If you’ve ever viewed apartments, especially one-on-one, you know that you’re expected to participate in a guided discussion with the real estate agent that feels like an interview, a pre-application of sorts. What do you do for work? Why are you moving to Cleveland? Do you have any pets? Would you be bringing a washer or dryer? What’s your combined monthly income? How many parking spots would you need? Again and again and again.

Jay was just as enthusiastic and personable with the realtors, as he is with everyone. I was growing more pessimistic.

After touring yet another unit in a duplex with sloping hallways, ancient appliances, and stained floors and countertops, I felt hopeless. As desperate as I was to have my own place again, the prospect of more showings, chats, and applications — most of which would go nowhere — filled me with a deep dread. I’d have to get back to it tomorrow, but how? I couldn’t spare another drop of fake Midwestern nice with a realtor or landlord.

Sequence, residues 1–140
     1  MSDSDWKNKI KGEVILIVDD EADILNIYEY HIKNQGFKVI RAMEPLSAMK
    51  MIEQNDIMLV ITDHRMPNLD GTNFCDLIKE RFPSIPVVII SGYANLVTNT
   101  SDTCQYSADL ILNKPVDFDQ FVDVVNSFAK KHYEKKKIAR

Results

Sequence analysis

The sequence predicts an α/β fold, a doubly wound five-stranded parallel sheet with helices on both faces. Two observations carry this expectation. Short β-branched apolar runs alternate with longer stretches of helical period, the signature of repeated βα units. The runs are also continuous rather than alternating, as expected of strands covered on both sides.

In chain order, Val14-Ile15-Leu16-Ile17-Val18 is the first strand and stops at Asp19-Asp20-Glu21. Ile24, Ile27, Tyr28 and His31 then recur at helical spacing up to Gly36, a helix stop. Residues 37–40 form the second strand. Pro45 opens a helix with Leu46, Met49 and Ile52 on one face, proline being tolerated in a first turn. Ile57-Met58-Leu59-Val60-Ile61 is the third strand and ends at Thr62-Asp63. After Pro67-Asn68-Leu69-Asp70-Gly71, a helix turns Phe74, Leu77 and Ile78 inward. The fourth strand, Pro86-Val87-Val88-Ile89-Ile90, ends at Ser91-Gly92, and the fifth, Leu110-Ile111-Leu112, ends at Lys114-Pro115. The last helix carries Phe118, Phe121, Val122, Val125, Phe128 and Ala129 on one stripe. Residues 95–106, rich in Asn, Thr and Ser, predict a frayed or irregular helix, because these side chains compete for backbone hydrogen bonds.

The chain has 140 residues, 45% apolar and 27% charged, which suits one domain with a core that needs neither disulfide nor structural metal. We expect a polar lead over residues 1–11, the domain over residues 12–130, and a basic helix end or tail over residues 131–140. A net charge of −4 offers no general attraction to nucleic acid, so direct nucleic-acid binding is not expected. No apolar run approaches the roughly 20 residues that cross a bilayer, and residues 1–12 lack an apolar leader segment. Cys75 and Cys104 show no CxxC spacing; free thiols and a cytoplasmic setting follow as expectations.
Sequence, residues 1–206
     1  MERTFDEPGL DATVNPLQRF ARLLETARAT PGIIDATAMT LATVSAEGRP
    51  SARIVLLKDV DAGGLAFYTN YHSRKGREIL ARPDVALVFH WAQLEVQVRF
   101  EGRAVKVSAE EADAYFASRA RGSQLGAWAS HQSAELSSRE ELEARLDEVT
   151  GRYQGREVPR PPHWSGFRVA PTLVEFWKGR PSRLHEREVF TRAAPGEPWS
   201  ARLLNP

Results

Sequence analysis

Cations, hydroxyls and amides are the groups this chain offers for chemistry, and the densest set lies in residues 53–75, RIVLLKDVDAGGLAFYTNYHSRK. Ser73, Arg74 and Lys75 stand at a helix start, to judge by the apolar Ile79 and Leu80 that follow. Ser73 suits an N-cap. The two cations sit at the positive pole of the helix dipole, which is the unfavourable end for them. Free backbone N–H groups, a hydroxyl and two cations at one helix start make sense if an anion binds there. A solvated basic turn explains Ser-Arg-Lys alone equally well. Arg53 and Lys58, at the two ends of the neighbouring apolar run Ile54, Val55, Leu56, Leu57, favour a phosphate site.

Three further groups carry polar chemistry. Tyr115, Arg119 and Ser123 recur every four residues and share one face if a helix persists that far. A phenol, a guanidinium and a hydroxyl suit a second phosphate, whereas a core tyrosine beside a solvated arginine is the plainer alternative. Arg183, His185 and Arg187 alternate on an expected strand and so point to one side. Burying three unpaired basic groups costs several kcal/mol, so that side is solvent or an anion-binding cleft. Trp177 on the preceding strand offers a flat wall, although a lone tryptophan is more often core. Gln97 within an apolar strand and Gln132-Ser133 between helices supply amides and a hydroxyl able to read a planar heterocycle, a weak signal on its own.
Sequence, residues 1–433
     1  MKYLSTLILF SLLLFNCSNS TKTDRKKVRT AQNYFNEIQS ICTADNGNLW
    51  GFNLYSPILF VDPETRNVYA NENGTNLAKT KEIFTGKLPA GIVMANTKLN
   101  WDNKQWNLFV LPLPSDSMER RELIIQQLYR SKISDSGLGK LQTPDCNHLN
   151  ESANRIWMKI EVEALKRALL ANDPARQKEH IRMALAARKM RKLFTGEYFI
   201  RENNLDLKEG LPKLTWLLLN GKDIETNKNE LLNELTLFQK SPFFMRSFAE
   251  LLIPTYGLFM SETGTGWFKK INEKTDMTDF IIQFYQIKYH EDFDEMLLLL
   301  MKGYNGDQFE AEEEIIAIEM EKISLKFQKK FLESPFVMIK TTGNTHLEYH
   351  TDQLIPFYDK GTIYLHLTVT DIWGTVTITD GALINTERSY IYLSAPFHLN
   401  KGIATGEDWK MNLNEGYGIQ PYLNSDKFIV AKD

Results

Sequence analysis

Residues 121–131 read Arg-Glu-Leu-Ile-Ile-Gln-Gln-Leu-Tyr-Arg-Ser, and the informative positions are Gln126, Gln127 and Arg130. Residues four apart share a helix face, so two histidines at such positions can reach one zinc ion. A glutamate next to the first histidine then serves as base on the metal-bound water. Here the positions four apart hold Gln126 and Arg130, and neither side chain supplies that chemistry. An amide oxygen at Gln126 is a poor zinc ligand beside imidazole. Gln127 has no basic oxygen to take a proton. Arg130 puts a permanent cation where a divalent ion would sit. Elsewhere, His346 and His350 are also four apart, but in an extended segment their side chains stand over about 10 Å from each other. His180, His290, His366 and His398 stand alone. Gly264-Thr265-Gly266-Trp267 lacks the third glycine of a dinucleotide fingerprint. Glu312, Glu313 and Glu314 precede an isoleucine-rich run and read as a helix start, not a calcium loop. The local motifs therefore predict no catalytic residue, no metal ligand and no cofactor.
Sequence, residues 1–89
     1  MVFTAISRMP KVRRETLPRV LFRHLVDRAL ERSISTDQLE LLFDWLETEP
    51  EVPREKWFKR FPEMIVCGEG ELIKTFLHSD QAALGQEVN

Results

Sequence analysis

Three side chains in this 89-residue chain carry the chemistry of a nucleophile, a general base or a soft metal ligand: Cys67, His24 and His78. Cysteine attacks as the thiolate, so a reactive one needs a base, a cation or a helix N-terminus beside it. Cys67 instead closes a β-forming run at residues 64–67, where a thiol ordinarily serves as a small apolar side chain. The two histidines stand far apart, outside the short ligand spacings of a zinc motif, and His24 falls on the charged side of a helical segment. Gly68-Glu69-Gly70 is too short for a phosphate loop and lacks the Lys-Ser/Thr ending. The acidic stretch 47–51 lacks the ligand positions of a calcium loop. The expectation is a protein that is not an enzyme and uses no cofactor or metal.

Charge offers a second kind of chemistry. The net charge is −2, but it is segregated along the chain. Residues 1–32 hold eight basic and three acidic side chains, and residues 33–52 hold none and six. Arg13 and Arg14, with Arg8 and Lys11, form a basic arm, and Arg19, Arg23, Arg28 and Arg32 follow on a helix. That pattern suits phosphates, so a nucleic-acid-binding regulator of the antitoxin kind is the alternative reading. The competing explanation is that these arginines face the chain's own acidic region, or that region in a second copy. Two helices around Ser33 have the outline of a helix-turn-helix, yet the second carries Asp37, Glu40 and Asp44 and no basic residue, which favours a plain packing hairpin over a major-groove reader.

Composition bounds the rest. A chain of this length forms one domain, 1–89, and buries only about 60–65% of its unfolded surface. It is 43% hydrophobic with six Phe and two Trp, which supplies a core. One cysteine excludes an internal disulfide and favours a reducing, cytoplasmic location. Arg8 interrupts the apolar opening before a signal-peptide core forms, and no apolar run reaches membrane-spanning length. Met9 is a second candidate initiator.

When I told Jay that I was struggling with the tours, he said he wished I’d told him how I felt before it reached this point. There were other parts of the process that he found to be challenging. He didn’t like looking at listings online and trying to schedule meetings or filling out the required paperwork for each apartment we agreed upon. For me, those were the least painful parts of the process.